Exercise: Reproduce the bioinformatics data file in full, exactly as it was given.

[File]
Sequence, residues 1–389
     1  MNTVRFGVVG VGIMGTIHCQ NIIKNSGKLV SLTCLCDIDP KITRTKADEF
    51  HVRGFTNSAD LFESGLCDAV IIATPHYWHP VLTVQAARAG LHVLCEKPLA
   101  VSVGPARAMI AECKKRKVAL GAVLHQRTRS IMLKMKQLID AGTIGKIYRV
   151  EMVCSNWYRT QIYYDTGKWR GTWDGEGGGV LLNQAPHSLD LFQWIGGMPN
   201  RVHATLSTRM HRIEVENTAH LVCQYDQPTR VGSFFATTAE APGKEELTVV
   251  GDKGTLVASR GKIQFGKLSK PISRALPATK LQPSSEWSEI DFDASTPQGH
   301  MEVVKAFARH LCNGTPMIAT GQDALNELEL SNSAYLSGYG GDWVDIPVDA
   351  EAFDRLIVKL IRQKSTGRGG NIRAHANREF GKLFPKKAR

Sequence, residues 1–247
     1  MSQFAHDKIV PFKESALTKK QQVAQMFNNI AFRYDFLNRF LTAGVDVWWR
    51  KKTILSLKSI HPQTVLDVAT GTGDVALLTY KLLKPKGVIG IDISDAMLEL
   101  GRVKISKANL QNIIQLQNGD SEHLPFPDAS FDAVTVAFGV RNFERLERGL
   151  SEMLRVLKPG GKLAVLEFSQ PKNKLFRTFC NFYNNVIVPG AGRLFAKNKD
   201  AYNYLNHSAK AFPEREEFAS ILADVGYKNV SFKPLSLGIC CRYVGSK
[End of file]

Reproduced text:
Sequence, residues 1–389
     1  MNTVRFGVVG VGIMGTIHCQ NIIKNSGKLV SLTCLCDIDP KITRTKADEF
    51  HVRGFTNSAD LFESGLCDAV IIATPHYWHP VLTVQAARAG LHVLCEKPLA
   101  VSVGPARAMI AECKKRKVAL GAVLHQRTRS IMLKMKQLID AGTIGKIYRV
   151  EMVCSNWYRT QIYYDTGKWR GTWDGEGGGV LLNQAPHSLD LFQWIGGMPN
   201  RVHATLSTRM HRIEVENTAH LVCQYDQPTR VGSFFATTAE APGKEELTVV
   251  GDKGTLVASR GKIQFGKLSK PISRALPATK LQPSSEWSEI DFDASTPQGH
   301  MEVVKAFARH LCNGTPMIAT GQDALNELEL SNSAYLSGYG GDWVDIPVDA
   351  EAFDRLIVKL IRQKSTGRGG NIRAHANREF GKLFPKKAR

Sequence, residues 1–247
     1  MSQFAHDKIV PFKESALTKK QQVAQMFNNI AFRYDFLNRF LTAGVDVWWR
    51  KKTILSLKSI HPQTVLDVAT GTGDVALLTY KLLKPKGVIG IDISDAMLEL
   101  GRVKISKANL QNIIQLQNGD SEHLPFPDAS FDAVTVAFGV RNFERLERGL
   151  SEMLRVLKPG GKLAVLEFSQ PKNKLFRTFC NFYNNVIVPG AGRLFAKNKD
   201  AYNYLNHSAK AFPEREEFAS ILADVGYKNV SFKPLSLGIC CRYVGSK